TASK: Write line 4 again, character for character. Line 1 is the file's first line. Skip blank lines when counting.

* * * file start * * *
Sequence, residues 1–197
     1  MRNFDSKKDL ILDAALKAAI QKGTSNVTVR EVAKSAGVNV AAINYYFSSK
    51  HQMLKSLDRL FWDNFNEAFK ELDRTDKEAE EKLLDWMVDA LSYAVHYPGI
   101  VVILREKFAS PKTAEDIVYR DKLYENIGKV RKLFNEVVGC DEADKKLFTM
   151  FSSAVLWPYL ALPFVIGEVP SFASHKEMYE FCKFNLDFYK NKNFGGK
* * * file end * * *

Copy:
   101  VVILREKFAS PKTAEDIVYR DKLYENIGKV RKLFNEVVGC DEADKKLFTM